1.5 Lessons Learned from Lance

Thursday, 26 January 2017: 9:15 AM
2AB (Washington State Convention Center )
Paul J. Roebber, Univ. of Wisconsin, Milwaukee, WI; and D. M. Schultz

The list of Lanceisms is quite long indeed.  But these aphorisms are not just pithy word candy, they also contain lessons that we have adopted in our own scientific and educational pursuits. What could be more important for our discipline than Lance’s admonition to “be prepared to be wrong?” Whether it is in the map discussion, long-since having adapted to the internet age with participants spanning the world, or in multiple forecast verification studies, we learn from the vetting of ideas and the testing of our predictions, always with an eye towards the observations. Along those lines, another highly relevant theme is to not “throw the baby out with the bath water.” This latter, in particular, has implications for the dual roles of humans and automation in the future of weather forecasting. Are we in danger of throwing the baby out with the bathwater as we develop systems in which human forecasters are worked by the tool rather than working with it to leverage their understanding?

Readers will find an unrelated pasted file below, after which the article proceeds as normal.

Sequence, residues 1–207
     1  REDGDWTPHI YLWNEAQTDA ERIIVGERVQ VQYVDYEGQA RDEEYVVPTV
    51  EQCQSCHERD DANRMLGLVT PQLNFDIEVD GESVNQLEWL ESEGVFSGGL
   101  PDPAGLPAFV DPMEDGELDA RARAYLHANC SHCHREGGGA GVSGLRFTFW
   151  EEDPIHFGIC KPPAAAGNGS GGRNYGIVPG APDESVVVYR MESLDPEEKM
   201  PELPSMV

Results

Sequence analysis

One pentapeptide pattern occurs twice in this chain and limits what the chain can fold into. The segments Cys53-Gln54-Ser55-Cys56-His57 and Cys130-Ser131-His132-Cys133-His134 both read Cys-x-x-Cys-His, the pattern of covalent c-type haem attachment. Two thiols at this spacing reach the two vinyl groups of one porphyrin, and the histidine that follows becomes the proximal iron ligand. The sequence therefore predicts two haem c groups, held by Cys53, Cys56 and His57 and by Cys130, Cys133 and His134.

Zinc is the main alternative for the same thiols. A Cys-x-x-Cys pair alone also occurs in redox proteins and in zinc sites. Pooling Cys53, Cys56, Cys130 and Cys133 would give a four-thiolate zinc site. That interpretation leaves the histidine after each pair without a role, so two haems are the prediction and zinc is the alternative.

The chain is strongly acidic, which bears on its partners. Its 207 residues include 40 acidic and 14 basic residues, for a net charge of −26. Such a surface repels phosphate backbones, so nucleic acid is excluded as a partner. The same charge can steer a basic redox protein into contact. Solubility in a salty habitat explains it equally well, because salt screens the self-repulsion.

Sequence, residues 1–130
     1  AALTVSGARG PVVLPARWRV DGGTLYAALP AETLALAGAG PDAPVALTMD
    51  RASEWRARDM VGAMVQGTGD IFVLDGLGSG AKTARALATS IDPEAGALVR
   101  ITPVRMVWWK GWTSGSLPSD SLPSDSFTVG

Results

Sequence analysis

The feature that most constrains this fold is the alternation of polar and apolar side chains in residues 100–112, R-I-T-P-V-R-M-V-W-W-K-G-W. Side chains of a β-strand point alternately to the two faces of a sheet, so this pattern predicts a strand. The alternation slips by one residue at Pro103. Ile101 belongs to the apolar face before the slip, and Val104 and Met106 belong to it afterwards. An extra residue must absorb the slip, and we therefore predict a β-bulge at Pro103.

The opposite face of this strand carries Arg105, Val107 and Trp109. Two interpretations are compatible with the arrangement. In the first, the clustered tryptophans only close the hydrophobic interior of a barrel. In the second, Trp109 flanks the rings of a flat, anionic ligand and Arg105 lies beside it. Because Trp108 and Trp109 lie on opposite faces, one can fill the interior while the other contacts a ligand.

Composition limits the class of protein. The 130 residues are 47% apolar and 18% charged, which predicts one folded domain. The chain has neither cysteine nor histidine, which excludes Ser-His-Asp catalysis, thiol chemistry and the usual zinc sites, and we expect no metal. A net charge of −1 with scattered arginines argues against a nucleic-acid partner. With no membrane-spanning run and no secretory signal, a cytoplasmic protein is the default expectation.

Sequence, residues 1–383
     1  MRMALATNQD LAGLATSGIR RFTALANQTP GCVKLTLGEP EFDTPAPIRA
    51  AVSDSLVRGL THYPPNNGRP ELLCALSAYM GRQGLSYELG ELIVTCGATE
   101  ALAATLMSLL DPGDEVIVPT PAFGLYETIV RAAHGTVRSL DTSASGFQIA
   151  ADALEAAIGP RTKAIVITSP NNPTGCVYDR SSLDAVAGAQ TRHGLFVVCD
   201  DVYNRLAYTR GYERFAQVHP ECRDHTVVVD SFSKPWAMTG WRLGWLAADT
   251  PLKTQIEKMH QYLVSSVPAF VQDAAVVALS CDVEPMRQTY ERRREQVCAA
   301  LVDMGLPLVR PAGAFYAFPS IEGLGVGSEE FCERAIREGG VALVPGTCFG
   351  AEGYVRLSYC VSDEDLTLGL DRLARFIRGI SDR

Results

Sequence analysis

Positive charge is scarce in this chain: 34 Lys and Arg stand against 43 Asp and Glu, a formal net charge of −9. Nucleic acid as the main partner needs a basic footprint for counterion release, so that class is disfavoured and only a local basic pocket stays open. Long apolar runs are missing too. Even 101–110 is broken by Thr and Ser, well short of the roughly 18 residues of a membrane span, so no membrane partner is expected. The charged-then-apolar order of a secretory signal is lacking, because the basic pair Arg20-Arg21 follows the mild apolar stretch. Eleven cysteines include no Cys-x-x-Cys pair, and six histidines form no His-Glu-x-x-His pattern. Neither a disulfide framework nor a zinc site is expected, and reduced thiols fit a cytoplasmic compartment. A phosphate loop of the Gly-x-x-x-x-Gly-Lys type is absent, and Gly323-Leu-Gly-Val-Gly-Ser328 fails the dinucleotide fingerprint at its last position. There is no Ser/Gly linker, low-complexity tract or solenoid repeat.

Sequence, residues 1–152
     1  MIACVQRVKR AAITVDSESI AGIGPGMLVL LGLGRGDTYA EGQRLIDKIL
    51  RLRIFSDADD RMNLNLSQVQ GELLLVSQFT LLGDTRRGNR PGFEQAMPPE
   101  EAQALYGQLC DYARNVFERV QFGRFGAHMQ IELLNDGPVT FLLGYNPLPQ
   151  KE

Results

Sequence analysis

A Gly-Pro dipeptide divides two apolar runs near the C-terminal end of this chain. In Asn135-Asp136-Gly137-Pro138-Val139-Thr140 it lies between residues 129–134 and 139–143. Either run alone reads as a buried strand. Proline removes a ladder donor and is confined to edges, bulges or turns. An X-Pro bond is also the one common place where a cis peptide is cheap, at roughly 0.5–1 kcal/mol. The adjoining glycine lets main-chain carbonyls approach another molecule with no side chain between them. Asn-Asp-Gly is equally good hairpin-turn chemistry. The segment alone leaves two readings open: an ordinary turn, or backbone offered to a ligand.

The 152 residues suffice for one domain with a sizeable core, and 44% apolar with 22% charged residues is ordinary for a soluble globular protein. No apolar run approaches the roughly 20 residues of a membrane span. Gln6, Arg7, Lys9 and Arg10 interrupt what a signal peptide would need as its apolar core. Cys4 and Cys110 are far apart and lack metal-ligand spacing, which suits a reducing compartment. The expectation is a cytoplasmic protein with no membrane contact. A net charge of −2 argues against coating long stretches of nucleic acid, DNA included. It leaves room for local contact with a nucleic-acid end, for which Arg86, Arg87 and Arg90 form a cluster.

Lance has emphasized the importance of studying “nonevents on the meteorological Richter scale.” It’s not just the most extreme events that are important to study, sometimes it is the unusual way that the events happen that leads to deeper understanding. Throughout his and our careers, we have seen how often the atmosphere "breaks" on small differences, across many variables and time scales, whether it is an ordinary cyclone development in the southeastern U.S. that does (or does not) lead to “flood box” precipitation, or the subtle connections between the planetary scale, the cyclone scale, and the mesoscale that connect hemispheric available potential energy to superstorms to cold surges and the Tehuantepecer. This leads to a third lesson, not coincidentally related to the second, which is the importance of studying problems that the community largely considers solved: upscale and downscale influences of cyclogenesis, frontal structure, and inertial instability.

These are lessons that we’ve each been inspired to develop in our own research and teaching careers, and are a direct result of our association with Lance and his mentoring of us.

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